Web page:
Counterpoint: two huge calls at the end of the Cuse game that went against them and would have been incredibly frustrating as a fan of the opponent. Also a “probably should’ve been a J-Mo block” at the end of the Tennessee game in the Sweet 16 the next year.


#436

I think a case in point today was on Teske’s and-one that made it 49-45. Happ clearly hit Teske on the arm while he shot, but his teammate (who had hardly committed contact) was given the foul. That would have been Happ’s 4th personal. The ref knew there was contact and called a foul, but assigned the foul to the less important player.


#437

Sorry @wolverheel, but I can’t seem to remember those. :thinking::lying_face::slightly_smiling_face:


#438

Not out to get us, thats ridiculous. We can question their competency though. And some of the refs out there are just not good. I know Dylan said Wymer is a Final Four caliber ref but he has had some ROUGH games this year. Practically handed Purdue their game @ Penn St. with his blown call and one that looms large now in the B1G race. Followed that up with his (awful?) work with Michigan @ Iowa the following day.

Its funny that once the crazy inconsistent whistles from the first half stopped, the game had better flow and favored M. To say there is a conspiracy theory is crazy, its just the refs don’t know what they are looking at most of the time and directly influence the game in a negative way more often than not…


#439

I gave you the answer you wanted


#440

It’s too bad that officiating isn’t subject to the same intense statistical scrutiny that the rest of the game is, because to my knowledge we just don’t even have many models to judge these questions, especially on a game-to-game basis. Such a crucial, human, often instantaneous operation, repeated 100s of times throughout a game, is undoubtedly subject to flaws, biases, and mistakes, like everything else we do. Leagues and institutions have an investment in maintaining an aura of competence for officials, because they want to maintain the credibility of their games. I think we have some superficial evidence that officials are affected by home crowds, and I wouldn’t be surprised if some officials work to counter that in their whistle-blowing. A certain percentage are better at their jobs, some worse. I doubt many perceive themselves as biased or work to affect outcomes, but likely some do. Some studies have found racial bias in sports, in the NBA and baseball, and that wouldn’t surprise too many people, though I’d be super-skeptical about how you established such an animal or controlled for it, in its great complexity, in a study,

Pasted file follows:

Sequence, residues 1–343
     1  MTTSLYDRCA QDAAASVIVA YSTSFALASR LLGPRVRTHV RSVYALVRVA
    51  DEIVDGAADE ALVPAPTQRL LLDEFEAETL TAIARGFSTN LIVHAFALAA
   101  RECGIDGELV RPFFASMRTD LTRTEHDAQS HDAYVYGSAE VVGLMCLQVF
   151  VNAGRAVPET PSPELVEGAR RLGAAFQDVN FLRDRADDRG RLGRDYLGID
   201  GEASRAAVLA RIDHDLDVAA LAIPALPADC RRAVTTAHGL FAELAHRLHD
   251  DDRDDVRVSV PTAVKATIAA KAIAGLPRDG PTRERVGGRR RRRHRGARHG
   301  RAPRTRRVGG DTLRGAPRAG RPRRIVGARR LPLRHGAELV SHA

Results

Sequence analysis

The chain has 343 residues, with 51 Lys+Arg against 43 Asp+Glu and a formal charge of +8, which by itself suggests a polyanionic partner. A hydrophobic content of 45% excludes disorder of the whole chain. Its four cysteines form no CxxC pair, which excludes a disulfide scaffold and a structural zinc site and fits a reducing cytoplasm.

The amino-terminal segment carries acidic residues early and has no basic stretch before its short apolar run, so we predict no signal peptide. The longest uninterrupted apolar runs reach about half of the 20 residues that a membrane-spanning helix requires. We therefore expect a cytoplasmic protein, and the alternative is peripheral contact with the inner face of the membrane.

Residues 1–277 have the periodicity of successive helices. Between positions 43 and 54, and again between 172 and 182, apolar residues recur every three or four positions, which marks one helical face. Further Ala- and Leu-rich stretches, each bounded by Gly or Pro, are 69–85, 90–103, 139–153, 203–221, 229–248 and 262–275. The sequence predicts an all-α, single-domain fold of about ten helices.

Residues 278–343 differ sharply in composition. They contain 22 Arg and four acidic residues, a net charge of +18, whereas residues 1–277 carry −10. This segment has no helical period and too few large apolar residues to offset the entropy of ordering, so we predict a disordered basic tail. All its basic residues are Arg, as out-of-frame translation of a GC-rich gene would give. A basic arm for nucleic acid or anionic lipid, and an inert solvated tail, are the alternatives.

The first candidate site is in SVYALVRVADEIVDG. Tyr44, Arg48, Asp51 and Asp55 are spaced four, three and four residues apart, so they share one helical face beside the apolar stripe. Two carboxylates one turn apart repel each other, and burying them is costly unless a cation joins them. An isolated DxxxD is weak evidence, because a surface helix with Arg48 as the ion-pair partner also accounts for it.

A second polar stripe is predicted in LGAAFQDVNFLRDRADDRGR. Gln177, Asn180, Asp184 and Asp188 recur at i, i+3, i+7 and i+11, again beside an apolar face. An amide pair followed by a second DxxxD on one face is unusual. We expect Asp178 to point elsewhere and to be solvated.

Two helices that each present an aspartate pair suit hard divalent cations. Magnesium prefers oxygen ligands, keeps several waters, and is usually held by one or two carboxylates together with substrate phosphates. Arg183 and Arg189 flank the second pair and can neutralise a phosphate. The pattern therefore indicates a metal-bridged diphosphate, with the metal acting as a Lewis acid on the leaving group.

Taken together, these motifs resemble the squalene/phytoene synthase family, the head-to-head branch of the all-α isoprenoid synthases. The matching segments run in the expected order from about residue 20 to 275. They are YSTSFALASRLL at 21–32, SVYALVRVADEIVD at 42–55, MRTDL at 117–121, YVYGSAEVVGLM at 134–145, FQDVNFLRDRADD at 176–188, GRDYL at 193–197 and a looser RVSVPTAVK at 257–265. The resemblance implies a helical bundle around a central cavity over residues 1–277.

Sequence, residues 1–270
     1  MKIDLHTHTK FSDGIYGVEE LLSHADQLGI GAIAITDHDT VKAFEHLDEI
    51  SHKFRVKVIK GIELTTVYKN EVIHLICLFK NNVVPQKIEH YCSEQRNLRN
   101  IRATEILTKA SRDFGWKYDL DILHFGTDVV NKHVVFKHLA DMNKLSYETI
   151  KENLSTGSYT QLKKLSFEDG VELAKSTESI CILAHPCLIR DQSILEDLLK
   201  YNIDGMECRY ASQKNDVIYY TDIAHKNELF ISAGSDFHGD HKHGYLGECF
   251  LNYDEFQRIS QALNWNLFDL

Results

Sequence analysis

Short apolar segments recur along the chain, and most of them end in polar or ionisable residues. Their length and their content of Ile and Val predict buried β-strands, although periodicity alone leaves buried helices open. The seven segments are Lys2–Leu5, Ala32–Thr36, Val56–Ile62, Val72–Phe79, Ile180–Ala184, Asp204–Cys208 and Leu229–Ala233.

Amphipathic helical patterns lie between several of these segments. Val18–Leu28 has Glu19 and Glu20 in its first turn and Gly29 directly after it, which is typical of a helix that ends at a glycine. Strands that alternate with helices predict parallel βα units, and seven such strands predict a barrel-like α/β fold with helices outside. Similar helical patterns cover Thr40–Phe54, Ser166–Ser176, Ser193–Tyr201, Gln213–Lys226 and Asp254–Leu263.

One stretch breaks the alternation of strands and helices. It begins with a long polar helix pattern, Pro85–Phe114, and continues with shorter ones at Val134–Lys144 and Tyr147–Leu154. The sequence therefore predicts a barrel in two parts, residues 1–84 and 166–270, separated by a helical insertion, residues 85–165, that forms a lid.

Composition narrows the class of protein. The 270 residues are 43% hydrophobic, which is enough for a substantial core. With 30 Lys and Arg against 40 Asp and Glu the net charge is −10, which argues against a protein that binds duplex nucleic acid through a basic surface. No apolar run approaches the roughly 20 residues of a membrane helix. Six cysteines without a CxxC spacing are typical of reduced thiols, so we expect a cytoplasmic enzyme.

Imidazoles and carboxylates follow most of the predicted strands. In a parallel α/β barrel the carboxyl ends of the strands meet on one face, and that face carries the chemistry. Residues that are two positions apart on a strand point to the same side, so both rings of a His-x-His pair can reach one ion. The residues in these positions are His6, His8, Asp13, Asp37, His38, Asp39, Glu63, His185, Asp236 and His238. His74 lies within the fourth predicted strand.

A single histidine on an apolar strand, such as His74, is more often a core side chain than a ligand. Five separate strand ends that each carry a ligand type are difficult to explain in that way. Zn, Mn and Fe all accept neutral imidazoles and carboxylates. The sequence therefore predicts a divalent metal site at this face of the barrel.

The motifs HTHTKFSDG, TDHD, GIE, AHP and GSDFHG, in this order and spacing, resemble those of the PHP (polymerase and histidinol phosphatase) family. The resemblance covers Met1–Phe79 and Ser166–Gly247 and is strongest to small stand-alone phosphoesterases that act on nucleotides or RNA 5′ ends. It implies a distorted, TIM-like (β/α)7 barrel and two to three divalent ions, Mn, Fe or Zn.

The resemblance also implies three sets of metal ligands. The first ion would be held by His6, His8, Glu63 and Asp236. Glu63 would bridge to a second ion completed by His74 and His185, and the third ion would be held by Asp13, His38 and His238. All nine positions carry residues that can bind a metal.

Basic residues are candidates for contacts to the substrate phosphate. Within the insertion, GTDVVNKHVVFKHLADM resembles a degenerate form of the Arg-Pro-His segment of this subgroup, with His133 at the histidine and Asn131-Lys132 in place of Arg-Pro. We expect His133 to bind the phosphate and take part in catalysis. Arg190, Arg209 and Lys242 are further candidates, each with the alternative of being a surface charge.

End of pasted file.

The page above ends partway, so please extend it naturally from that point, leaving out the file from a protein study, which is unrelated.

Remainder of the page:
Some people argue that we should worry less about officiating, not more, because if refs called every actual infraction games would grind to a halt. We see some evidence that this could be the case already, with the introduction of additional reviews; they can make the end of games absolute hell. But I’d be for just learning how to think about it like everything else–some people think the over-emphasis on statistics, period, ruins the fun but it’s a path that–once embarked on. . . More scrutiny could reduce paranoia–certainly that seems to happen sometimes when people go looking for bias and find little of it, or see that what statistical evidence there is mostly random/noise.

That said, I’d agree that some teams absolutely do get a reputation for clean play; Michigan is in fact an absolute leader in this regard! But that doesn’t mean bad calls in a game–the failure to call fouls–can’t hurt a team. (I’ve long believed that with really close games it’s probably pretty difficult to establish that the winner was much more deserving of the outcome than the loser, although when the winner dominated statistically that makes us feel better about it.) And while I’d have to watch again, there looked to be upwards of four calls early that left Michigan in a hole that did seem to set the tenor of the game yesterday.

It’s also worth noting that all this arbitrary stuff is what makes games games, part of the drama and even the fun; we enjoy grousing and debating the merits. Like most Michigan fans, however, I’m just looking for how Michigan is affected as I watch; if I tried to watch through Wisconsin’s eyes who knows what I would see!